Students in England to get coronavirus tests for Christmas at home

10 November 2020, 14:56

Students in England will be tested for Covid-19 so they can return home for Christmas
Students in England will be tested for Covid-19 so they can return home for Christmas. Picture: PA Images
Ewan Quayle

By Ewan Quayle

University students in England could be tested for coronavirus from the end of November to ensure they can safely return home for Christmas.

A letter sent to vice-chancellors confirms plans to roll out mass testing on-campus from 30 November to 6 December to ensure minimal transmission of the virus when students travel across the country to see their families next month.

Tests will be turned around "within the hour," according to the letter from the universities minister, and will use lateral flow tests - the same currently being trialled in Liverpool.

Under the plans, students who test negative for Covid-19 will be allowed to return home to see their families.

Read more: 600,000 rapid coronavirus tests to be sent to local authorities this week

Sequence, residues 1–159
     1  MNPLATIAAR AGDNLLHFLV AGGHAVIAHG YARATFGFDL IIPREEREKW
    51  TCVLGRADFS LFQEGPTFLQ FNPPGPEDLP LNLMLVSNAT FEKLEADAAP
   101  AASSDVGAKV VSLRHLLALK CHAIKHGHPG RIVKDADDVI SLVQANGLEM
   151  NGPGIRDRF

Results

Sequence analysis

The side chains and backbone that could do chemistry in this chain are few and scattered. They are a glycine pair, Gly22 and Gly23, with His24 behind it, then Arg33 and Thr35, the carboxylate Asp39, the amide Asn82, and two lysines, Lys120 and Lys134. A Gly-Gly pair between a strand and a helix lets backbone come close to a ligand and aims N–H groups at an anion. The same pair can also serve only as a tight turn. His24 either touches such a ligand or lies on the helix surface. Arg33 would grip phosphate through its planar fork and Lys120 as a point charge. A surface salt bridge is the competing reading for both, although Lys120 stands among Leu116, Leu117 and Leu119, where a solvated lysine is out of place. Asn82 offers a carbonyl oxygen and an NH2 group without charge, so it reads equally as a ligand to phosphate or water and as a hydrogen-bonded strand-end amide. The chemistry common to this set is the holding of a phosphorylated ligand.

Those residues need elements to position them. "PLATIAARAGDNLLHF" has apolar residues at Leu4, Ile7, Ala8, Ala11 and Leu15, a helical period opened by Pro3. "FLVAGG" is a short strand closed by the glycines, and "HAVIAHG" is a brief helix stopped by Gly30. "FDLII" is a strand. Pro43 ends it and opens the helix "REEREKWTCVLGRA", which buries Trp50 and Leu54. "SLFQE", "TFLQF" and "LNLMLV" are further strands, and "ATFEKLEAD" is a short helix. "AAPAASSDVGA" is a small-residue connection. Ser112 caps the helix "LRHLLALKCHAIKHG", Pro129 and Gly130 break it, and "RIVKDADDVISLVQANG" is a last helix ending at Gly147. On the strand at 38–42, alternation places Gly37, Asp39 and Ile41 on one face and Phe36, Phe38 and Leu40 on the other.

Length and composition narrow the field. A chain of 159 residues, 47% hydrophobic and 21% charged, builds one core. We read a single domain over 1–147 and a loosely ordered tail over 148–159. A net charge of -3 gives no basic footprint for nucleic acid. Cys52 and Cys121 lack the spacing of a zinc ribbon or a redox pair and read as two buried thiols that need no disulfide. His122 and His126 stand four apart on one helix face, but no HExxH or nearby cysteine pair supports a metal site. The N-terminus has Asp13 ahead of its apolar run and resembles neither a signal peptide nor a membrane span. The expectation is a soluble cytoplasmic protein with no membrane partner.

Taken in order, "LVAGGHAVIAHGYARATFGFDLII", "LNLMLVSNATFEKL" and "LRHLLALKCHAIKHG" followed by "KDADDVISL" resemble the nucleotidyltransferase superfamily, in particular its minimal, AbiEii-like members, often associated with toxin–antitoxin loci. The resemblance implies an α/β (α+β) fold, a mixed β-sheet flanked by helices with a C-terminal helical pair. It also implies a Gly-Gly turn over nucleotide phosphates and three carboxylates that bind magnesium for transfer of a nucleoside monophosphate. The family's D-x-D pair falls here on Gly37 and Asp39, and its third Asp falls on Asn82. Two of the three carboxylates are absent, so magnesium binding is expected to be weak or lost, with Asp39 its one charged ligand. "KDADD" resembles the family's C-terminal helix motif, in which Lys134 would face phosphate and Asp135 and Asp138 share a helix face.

Read more: Covid cancels 2021 GCSE and A-Level exams in Wales

Over a million students are expected to move at Christmas from their university term-time address to their families in other parts of the country.

But those who test positive for the virus will have not be allowed to leave unless they are tested again shortly before Christmas and are found to be negative.

It is understood that students who test positive twice will be made to self-isolate on-campus over the holidays.

It is expected that face-to-face teaching will end sooner this year to allow for students to leave for home at the beginning of December.

The prospect of hundreds of thousands of moving across the country has concerned many on the Government's Scientific Advisory Group for Emergencies (SAGE).

The number of people that could move from an area with a high infection rate to one with a lower rate, and vice-versa, is a particular worry, it is reported.

The plans to mass test students, however, is expected to reduce the risk significantly.

Read more: When will the Covid-19 vaccine be available and who would get it first?

Read more: 'Lockdown' named Word of the Year 2020 by Collins Dictionary

It follows months of inconsistent advice for students, who have told LBC about their anger with a lack of communication from their universities and the Government.

Last week, students at the University of Manchester staged a protest and tore down metal fencing that had been put up to keep them on-campus during lockdown without any warning.